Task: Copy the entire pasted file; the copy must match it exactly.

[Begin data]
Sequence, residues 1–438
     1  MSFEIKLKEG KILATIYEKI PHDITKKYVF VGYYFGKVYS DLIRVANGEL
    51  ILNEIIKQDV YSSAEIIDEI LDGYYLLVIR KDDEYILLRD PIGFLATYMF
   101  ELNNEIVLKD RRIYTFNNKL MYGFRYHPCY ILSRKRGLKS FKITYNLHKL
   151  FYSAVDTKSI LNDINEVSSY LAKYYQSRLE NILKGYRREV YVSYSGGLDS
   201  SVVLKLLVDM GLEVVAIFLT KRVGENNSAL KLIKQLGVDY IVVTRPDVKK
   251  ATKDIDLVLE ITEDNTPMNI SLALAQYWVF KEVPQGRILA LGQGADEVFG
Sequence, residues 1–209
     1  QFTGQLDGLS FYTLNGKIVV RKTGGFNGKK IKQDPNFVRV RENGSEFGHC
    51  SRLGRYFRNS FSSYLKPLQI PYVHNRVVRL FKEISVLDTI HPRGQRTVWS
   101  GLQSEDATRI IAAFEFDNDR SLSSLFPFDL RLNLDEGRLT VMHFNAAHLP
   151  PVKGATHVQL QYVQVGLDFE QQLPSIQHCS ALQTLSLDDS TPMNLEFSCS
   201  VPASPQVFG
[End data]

Sequence, residues 1–438
     1  MSFEIKLKEG KILATIYEKI PHDITKKYVF VGYYFGKVYS DLIRVANGEL
    51  ILNEIIKQDV YSSAEIIDEI LDGYYLLVIR KDDEYILLRD PIGFLATYMF
   101  ELNNEIVLKD RRIYTFNNKL MYGFRYHPCY ILSRKRGLKS FKITYNLHKL
   151  FYSAVDTKSI LNDINEVSSY LAKYYQSRLE NILKGYRREV YVSYSGGLDS
   201  SVVLKLLVDM GLEVVAIFLT KRVGENNSAL KLIKQLGVDY IVVTRPDVKK
   251  ATKDIDLVLE ITEDNTPMNI SLALAQYWVF KEVPQGRILA LGQGADEVFG
Sequence, residues 1–209
     1  QFTGQLDGLS FYTLNGKIVV RKTGGFNGKK IKQDPNFVRV RENGSEFGHC
    51  SRLGRYFRNS FSSYLKPLQI PYVHNRVVRL FKEISVLDTI HPRGQRTVWS
   101  GLQSEDATRI IAAFEFDNDR SLSSLFPFDL RLNLDEGRLT VMHFNAAHLP
   151  PVKGATHVQL QYVQVGLDFE QQLPSIQHCS ALQTLSLDDS TPMNLEFSCS
   201  VPASPQVFG